PVT: ?We?ve Never Been A Dance Band

They’ve signed to Warp and take a noticeably electronic approach to their craft, but PVT’s Dave Miller tells DOUG WALLEN they’ve never considered themselves a dance act.

The [name change](/news/3956209) isn’t the only thing different about PVT and their third album Church With No Magic*. The trio’s second release for Warp Records, it scrambles the band we last heard on *O Soundtrack My Heart* (2008), establishing a new focus on vocals and lyrics. Multi-instrumentalist Richard Pike sings on many of the new songs backed by brother Lawrence (drums/keyboards) and laptop wizard Dave Miller. While there are immediate thrills in the deconstructive single ?Window? and the stretched-bubblegum soul of ?Crimson Swan?, *Church With No Magic is every bit an ominous grower. It quietly covers such uncertain terrain as the prog delirium of ?Timeless? and the blown-out Radiohead shadowing of ?The Quick Mile?. All of which speaks to an ongoing musical evolution that Miller says is the only way that PVT operates.

I was wondering whether the band is based in Sydney or London now.
Two of us are in Sydney and one in London at the moment.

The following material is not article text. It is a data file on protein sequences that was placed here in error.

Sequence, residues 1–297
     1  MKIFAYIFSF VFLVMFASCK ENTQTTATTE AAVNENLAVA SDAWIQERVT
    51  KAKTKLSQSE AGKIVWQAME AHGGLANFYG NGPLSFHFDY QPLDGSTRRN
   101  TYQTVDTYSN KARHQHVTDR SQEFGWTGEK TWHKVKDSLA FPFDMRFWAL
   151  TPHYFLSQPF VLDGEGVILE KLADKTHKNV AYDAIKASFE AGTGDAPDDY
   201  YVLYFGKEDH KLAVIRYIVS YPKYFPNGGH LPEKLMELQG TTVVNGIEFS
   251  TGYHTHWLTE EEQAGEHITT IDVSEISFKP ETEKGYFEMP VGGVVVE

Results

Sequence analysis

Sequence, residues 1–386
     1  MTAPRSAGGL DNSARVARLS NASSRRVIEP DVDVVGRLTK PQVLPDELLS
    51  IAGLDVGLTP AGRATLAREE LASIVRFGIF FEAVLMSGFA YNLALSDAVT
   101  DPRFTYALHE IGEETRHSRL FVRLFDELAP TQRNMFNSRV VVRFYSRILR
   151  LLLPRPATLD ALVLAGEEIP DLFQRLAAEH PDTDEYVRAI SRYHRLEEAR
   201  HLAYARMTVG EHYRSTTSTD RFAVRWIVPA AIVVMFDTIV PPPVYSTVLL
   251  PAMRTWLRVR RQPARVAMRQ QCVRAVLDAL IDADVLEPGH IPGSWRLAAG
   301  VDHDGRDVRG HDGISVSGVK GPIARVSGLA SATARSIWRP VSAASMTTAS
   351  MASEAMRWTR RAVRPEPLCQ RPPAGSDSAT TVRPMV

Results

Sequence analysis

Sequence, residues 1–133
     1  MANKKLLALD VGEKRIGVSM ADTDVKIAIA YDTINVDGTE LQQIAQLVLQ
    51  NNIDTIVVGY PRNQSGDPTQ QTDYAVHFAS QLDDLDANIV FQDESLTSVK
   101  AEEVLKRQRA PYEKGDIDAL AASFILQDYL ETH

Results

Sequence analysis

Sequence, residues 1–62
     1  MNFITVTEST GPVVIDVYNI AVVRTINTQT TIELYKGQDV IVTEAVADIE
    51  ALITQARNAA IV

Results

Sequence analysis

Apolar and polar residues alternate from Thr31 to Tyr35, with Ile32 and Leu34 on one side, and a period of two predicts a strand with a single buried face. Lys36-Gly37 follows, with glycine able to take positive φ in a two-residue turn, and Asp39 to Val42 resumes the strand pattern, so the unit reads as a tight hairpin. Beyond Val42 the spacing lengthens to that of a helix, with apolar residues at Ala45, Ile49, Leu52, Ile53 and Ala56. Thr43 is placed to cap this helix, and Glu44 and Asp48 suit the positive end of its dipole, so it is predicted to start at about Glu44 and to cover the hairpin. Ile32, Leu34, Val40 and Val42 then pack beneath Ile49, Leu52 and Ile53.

And that doesn’t interfere with the band too much?
All the times that we spent recording and mixing and mastering have all been in the same city. We’ve been travelling around enough together to do that.

You recorded the new album in Sydney with Burke Reid.
That was the majority of it, yeah. Bits and pieces of overdubs were done elsewhere or on the road.

How easily did the record come together in the studio?
It varied, actually, song to song. There were initial sessions where we’d jam on ideas and come up with either loops or structures and stuff from there and chop things up. There’d be other times where we’d be writing a song in the same room, like I guess a normal band. [Laughs] And there were other times where we’d demo things and just go into the studio and record it there.

Were there a lot of songs that didn’t make the cut?
Yeah, there was. The way the record turned out, because it’s a quite dense live thing, it made sense to keep it not brief but sort of tight and compact. And there’s bits and pieces that’ll become B-sides and that type of thing.